#### lordeos

Joined Jun 23, 2015
33
Hi all,

I'm just experimenting with LED's to better understand the behaviour. The test i"m doing is putting as many high resistors in series with a LED to drop the voltage over the LED to 0V. The reason why is that in every circuit i made i'm always noticing that an LED (red led in my case) always has a minimum of 1.4 V as with other components (lightbulbs) i can reduce the voltage to 0 V

- When i put an LED in series with a Potmeter and a very high fixed resistor (for example 1 megaohm) the voltage on the LED never drops below 1.4 V (it's balancing on the edge between on - off, my lab voltage shows current = 1MA
- When i put a 6 V lightbulb in series with a Potmeter and a very high fixed resistor (for example 1 megaohm) i can reduce the voltage on lightbulb to +- 0V

Is my resistance not high enough so i can't get the voltage on the LED to 0 or is it normal that an LED can't go lower then his lowest voltage (depending on the color) ?

When i look at voltage current graphs on the internet i see that some graphs indeed show that the lowest voltage on the x-axis is 1.4V and some other graphs do show 0v as the lowest voltage.

Thx for the help

#### dannyf

Joined Sep 13, 2015
2,197
- When i put an LED in series with a Potmeter and a very high fixed resistor (for example 1 megaohm) the voltage on the LED never drops below 1.4 V (it's balancing on the edge between on - off, my lab voltage shows current = 1MA
1ma through at least 1MOhm -> what voltage? Experimenting at that kind of voltage levels can be deadly.

Is my resistance not high enough so i can't get the voltage on the LED
Resistance doesn't matter -> as long as you get the current sufficiently low (however you do that), you will see that the voltage drop across the led approaches 0v.

Because there just isn't any other way around it.

#### Wendy

Joined Mar 24, 2008
22,428

#### Alec_t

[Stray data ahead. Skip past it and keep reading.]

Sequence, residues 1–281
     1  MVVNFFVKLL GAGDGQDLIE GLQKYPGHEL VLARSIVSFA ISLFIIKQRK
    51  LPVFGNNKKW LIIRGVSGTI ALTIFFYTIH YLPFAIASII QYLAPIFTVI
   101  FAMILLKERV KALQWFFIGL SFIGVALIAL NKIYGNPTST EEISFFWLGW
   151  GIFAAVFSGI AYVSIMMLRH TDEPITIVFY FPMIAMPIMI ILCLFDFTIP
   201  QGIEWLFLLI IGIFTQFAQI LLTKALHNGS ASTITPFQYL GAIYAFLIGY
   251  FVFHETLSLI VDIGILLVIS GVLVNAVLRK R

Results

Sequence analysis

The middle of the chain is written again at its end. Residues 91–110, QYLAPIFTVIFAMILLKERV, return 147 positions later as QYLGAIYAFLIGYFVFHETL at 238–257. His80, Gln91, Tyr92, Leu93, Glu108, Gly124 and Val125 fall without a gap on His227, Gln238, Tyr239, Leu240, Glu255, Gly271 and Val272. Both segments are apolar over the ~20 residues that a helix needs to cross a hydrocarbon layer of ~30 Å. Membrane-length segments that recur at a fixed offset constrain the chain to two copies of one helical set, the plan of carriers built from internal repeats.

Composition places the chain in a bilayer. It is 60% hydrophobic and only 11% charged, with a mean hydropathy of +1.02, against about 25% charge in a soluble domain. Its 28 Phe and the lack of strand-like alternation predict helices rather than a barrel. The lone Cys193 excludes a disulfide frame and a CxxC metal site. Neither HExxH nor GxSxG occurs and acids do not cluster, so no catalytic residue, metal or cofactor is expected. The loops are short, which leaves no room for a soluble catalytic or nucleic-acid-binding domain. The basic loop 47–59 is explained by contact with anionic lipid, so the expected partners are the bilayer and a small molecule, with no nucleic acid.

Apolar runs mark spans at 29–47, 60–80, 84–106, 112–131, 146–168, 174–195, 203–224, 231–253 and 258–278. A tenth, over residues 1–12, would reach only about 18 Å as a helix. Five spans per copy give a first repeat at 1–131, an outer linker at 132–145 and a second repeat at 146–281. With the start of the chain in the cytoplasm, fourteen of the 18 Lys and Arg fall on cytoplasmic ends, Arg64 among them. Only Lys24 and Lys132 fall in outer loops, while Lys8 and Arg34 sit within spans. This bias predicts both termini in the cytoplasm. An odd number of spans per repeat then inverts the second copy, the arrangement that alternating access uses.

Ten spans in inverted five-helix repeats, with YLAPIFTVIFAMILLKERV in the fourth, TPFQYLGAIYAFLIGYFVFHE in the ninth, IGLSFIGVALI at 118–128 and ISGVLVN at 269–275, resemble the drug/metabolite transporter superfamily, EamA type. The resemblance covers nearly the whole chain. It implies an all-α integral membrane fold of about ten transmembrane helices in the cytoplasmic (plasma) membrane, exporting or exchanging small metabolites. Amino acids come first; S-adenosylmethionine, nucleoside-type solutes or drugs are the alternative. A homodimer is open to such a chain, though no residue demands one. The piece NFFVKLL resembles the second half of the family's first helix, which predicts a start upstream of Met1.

Joined Sep 17, 2013
12,060
There's something wrong with your measurement technique if you can get 1mA (that's 1 milliamp, certainly not 1MA ) through a 1 megohm resistor. Either that or your supply must be at least 1000V !
A lightbulb is a resistive device whereas a LED is a semiconductor device which will drop its Vf (forward voltage) which increases only slightly with current above a very low value.

#### mcgyvr

Joined Oct 15, 2009
5,394
An LED is a diode..
Like a diode it has a (fairly stable) forward voltage drop stated in its datasheet..

#### blocco a spirale

Joined Jun 18, 2008
1,546
An LED is not a light bulb it is a diode and therefore it behaves like a diode; the two are not comparable.

#### dannyf

Joined Sep 13, 2015
2,197
the two are not comparable.
they are quite comparable: both generate light; and both have variable resistance (vs. current).

You can view a diode (led or otherwise) as a resistor whose "resistance" is a function of the current going through it.

#### Wendy

Joined Mar 24, 2008
22,428
Fraid not, you really do not understand LEDs very well. They are diodes, and have the characteristics of a diode, with a very high Vf. I wrote the tutorial I posted because many people who think they understand them don't. Like the old Mark Twain quote, "It ain't what folks know that get them into trouble, but what they don't know that ain't so.".

First you have to achieve the Vf (forward dropping voltage, which is different for each color and batch), then the resistance is negligible. Their PIV (peak inverse voltage, the voltage they short out if reversed biased) is also very low, between 4-10V, I usually treat it as 5V max.

LEDs, 555s, Flashers, and Light Chasers

#### dannyf

Joined Sep 13, 2015
2,197

It shows the voltage drop over a diode (in this case a 1n4148 - the same principle applies to other types of diodes as well). The diode is driven by a current source from 1na to 1ua, since we are only interested in the near cut-off behaviors of the diode.

The green trace shows the voltage drop over the diode: it is logrithmic, as expected and way below silicon diode's 0.7v nominal voltage drop.